“When you drink, it dilates the peripheral blood vessels near your skin, which means more blood–and heat–flows to these vessels. That takes blood and heat away from the core of your body.”
Drinking alcohol during winter also increases one’s risk for hypothermia and other cold weather-related ailments. Professor Colin Drummond, head of the Section of Alcohol Research at King’s College London, summed this up in a British research paper on the subject. “When you drink, it dilates the peripheral blood vessels near your skin, which means more blood – and heat – flows to these vessels. That takes blood and heat away from the core of your body. So while it feels like you’re warm because your skin is warm, your vital organs aren’t as warm as you might think they are. If you then go out in the cold after drinking, because you’ve got a lot of heat on the periphery of your body, you can lose heat very easily and quickly. And that can be dangerous.”
Opioid Overdose—A Heightened Risk During Cold Weather
The most significant risk factor connected to using drugs during the winter months is the increased risk of overdose. According to a study published by Brown University’s School of Public Health, there is a direct correlation between cold snaps and spikes in overdose deaths. The researchers found a 25 percent increase in fatal overdoses after periods of freezing temperatures over days where temperatures stayed around 50 degrees Fahrenheit. The study compared numbers of overdose deaths on colder days during winter and overdoses on somewhat warmer days. There was an irrefutable connection between increased overdoses and much colder days.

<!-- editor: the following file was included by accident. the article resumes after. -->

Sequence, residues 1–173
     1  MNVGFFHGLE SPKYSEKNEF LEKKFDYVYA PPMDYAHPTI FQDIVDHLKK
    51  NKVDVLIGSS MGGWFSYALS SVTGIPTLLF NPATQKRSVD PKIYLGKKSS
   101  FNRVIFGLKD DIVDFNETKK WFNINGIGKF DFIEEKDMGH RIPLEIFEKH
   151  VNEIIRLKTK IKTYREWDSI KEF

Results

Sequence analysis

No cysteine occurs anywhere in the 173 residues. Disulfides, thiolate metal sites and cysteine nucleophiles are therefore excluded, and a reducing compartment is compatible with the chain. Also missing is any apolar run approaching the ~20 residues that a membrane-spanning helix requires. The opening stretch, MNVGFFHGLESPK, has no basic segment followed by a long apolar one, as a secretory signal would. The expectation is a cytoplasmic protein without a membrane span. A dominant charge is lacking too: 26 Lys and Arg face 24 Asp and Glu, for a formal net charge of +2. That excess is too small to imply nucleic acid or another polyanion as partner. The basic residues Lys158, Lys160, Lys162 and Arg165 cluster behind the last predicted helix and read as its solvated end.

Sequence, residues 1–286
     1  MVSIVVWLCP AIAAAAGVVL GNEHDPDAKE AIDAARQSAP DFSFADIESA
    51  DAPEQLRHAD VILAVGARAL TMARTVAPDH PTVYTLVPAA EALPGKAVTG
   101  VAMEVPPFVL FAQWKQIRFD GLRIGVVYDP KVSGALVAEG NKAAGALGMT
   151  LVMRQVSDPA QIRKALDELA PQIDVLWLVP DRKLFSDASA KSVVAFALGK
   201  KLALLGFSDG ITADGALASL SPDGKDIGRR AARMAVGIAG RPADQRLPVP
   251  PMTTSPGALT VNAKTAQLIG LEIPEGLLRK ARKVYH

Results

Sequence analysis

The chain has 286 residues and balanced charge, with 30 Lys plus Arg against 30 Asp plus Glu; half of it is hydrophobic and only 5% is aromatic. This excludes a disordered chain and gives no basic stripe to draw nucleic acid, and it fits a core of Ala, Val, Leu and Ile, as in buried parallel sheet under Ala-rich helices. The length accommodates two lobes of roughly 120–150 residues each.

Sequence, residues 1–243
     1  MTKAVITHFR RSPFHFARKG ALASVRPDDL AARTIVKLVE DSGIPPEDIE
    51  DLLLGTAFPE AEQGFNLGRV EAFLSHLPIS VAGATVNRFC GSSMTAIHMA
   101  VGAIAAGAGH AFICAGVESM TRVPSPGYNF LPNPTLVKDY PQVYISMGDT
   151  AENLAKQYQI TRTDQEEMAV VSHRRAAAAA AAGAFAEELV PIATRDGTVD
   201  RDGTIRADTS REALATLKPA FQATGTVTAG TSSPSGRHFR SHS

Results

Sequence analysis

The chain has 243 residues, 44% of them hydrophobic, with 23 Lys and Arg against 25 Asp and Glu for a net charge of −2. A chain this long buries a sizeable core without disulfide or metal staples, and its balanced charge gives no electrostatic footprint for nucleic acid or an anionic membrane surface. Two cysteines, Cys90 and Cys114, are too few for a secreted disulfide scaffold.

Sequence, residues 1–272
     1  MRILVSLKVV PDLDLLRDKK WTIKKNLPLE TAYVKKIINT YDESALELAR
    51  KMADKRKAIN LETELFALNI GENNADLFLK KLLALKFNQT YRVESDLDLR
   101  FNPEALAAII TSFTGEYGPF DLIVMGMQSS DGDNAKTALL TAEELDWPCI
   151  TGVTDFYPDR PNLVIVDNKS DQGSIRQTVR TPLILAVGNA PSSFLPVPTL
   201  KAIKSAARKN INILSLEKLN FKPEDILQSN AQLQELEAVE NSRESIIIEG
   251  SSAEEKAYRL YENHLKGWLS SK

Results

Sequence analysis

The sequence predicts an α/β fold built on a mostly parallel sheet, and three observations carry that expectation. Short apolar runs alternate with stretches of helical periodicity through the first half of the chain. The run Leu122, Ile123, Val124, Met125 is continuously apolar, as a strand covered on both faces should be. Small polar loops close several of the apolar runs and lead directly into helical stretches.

But why the correlation?
Researchers are still speculating as to the cause. There may be a few factors to consider. For one, opiate addicts are more likely to stay at home and use drugs on their own during cold weather (as opposed to leaving their homes to use drugs with other users). Addicts who use drugs on their own are always at increased risk of an overdose fatality, as no one will be there to administer emergency medical assistance during such an overdose. Simply the fact of staying at home and using drugs alone makes drug use considerably more dangerous.
Another factor is the effect that opioids have on cardiovascular and respiratory function combined with cold weather. During an opiate overdose, one’s heart and lungs begin to slow down, coming to a full stop in the case of a fatal overdose. Being in freezing weather already has this same effect to some extent on the human body, potentially making overdoses more likely to be deadly when the user is already very, very cold.
Seeking Help for a Loved One—Why Rehabilitation is Crucial
With the temperatures dropping as the season changes, those currently using drugs and alcohol are at increased risk. If you know someone addicted to drugs and alcohol, you must do everything you can to get them help. Don’t wait until “next year.” There may not be a next year for them.